01 April 2016

Sexual violence services – the real story

A blog post by Jan Logie
What has really led to the Government’s changing stance on funding for sexual violence services?
People have been congratulating me on this news yesterday and I have to admit working with the sector through this process has given meaning to my time in Parliament and I am proud of the work we have done on this.  I am a bit embarrassed by the congratulations in the context of the thousands of submissions and years and years of work by incredible advocates which really got the result.
While I’ll need to see the dollars in the budget, and hear that the Government is working closely with the specialist providers, especially Nga Kaitiaki Mauri, to design the new model before I relax, I do want to reflect on the journey to this point.
The 70s and 80s saw women coming together to voluntarily support women who had experienced sexual violence. The Government provided some funding from the mid 80s. There was a period of new general services, the Pacific Island Women’s Project, and kaupapa Maori services being set up to respond to the growing need. These groups were advocating for the prevention of sexual violence – law reform and social change as well as supporting victim/survivors. It wasn’t until the mid 90s that we had the first ethnic women’s organisation, Shakti and in the late 90s the Male Survivors of Sexual Abuse Trust set up. There are still obvious gaps.
ACC alongside MSD were the major funders for sexual violence support services. The services were always under-valued and certainly not recognised for the amazing life-saving and at times world leading responses to sexual violence that they were and are. Sexual violence has been one of those very difficult topics to talk about in any context so that always made the services a bit of an easy target for funding cuts.
Despite Maori women being more likely to experience sexual violence in New Zealand and kaupapa Maori approaches being far more successful we have lost almost all of our specialist kaupapa Maori sexual violence services. There was a time when there were over twenty services but now there are fewer than five.
The Taskforce for Action was initiated by Labour in the wake of public horror about Louise Nicholas’s experiences. Louise did not have access to the right help, from our justice system or social services, when she needed it and that is one of the reasons she has been so actively advocating for increased funding for years.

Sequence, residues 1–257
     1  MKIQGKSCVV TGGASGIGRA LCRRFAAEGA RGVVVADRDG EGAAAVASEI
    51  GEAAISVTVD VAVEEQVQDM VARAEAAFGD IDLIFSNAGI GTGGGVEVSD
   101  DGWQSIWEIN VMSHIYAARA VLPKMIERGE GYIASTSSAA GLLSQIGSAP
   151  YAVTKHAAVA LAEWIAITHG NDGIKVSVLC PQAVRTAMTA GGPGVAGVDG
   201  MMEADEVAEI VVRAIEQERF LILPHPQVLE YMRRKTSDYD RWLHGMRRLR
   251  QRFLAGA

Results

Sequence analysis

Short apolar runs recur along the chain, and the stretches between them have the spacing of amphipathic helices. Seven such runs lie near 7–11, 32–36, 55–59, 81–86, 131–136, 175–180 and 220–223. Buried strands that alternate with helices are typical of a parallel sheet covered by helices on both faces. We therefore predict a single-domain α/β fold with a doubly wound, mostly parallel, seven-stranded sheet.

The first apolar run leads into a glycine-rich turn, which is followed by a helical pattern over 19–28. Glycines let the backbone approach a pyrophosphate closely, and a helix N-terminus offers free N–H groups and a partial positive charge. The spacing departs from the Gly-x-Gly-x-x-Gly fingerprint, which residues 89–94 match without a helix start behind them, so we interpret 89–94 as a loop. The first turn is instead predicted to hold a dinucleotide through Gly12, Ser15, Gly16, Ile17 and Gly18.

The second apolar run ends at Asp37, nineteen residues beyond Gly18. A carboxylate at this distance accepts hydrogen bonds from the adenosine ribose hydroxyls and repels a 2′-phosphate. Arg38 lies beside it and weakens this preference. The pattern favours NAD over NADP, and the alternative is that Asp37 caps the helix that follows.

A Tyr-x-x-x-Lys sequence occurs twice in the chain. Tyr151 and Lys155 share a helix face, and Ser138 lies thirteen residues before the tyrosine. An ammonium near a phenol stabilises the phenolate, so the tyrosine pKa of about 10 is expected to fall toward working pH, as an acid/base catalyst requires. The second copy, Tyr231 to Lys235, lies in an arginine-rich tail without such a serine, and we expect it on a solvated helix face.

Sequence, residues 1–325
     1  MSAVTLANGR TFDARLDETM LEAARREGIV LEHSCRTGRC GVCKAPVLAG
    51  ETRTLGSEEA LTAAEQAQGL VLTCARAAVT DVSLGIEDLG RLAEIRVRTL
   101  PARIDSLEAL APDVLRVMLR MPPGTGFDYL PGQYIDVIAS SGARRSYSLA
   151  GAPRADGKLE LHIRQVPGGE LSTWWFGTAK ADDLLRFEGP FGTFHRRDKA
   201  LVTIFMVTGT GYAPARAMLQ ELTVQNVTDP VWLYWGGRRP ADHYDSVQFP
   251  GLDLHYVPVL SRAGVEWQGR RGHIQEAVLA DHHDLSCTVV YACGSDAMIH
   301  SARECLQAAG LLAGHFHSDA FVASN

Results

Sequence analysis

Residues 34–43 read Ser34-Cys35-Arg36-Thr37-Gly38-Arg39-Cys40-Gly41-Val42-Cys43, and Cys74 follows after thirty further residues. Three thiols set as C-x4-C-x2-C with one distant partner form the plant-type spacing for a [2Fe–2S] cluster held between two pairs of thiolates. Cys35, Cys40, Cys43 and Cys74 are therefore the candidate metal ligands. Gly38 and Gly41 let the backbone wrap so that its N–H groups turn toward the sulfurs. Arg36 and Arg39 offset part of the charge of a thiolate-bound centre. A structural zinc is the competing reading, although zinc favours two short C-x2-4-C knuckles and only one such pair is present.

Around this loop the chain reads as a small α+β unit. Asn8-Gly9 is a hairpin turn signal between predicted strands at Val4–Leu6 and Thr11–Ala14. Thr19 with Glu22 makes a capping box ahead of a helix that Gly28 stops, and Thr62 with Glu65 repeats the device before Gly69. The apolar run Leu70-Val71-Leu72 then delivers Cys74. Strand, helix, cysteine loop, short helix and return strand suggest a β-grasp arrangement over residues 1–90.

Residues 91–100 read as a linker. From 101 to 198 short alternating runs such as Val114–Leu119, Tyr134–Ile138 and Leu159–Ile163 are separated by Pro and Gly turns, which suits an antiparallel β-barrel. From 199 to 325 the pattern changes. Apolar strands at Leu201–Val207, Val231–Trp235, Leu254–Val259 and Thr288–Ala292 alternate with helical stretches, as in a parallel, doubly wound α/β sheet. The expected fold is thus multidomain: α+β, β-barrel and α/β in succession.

The Taskforce for Action came out in 2009 calling for a national prevention plan and proper resourcing of the sexual violence sectors, basically all the same things that the select committee has recommended again 6 years later.
Maori and non-Maori specialists gave hundreds of hours of their time, voluntarily, in the Taskforce for Action on Sexual Violence. They spent hours and hours strategizing and organising and lobbying to try and ensure that victim/survivors had access to the services they needed. If this had been implemented there would have been no need for the select committee inquiry.
But even while the National party Minister for Justice called the Taskforce for Action the best road map the country had ever had for addressing sexual violence, the Government was in the process of gutting ACC support for victim/survivors. The Government told ACC that they had to make savings. In 2009 they saved $3.2billion dollars by going after, amongst other things, the “low hanging fruit” of sensitive claims. These changes resulted in a 36% decline the number of claims being lodged and even more shockingly the number of accepted claims going from 60% to 3.6% in just two years. Specialist agencies stopped using ACC because they thought it was unsafe for survivors and the number of ACC counsellors halved. During the inquiry into sexual violence funding we heard from a man whose partner had killed herself because she couldn’t get the support she needed over this time.
Many therapists and counsellors and volunteers just kept going, under increasing strain themselves, because they knew that people were depending on them. This was a truly awful time in New Zealand’s history.
Public concern over these changes forced Minister Nick Smith to initiate a review in 2010.The Disley report in 2010 made fourteen recommendations to fix the mess. Considerable effort has been made since then by ACC, the community and others to try and restore ACC. In the select committee report much has been made of the improvements to ACC. A new model is in place and it is much better but we are still not there yet.
Ahead of the budget and future work, I just want to celebrate the bloody minded tenacity of survivors and advocates who have kept going through this very dismal time. I genuinely and wholeheartedly hope the Government doesn’t let us all down again.
© 1996-2015 The Green Party of Aotearoa New Zealand


10 March 2016

Sexual abuse drives hundreds of kids to ACC

An article from Newshub by Emily Cooper
Families are being told to ask more questions of their children following the release of disturbing new statistics. Newshub can reveal that in the last 12 months, the number of children under the age of 15 seeking ACC services for sexual abuse has reached more than 800.